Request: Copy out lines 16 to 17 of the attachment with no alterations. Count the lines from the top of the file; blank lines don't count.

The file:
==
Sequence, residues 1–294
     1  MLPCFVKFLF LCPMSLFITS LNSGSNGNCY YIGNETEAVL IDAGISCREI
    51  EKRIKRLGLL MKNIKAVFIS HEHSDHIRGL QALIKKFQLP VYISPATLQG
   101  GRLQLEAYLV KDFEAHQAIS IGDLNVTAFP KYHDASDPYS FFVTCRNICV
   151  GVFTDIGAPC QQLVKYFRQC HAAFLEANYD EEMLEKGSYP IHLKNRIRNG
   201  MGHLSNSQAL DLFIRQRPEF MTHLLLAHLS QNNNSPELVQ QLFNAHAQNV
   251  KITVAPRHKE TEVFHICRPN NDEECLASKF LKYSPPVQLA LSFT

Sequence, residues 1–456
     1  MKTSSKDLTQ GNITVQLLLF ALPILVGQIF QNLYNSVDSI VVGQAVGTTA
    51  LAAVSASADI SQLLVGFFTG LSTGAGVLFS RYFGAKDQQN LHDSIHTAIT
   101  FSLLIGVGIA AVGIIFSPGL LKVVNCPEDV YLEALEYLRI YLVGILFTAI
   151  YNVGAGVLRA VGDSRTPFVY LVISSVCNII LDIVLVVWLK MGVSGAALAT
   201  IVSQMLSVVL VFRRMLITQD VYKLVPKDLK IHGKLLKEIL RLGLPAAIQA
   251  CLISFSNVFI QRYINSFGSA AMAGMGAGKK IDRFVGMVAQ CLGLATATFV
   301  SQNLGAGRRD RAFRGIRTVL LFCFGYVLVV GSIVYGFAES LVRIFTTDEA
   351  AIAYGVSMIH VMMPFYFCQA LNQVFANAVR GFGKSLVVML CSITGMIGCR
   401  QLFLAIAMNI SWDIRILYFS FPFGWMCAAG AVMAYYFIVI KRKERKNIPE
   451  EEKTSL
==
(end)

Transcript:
   351  AIAYGVSMIH VMMPFYFCQA LNQVFANAVR GFGKSLVVML CSITGMIGCR
   401  QLFLAIAMNI SWDIRILYFS FPFGWMCAAG AVMAYYFIVI KRKERKNIPE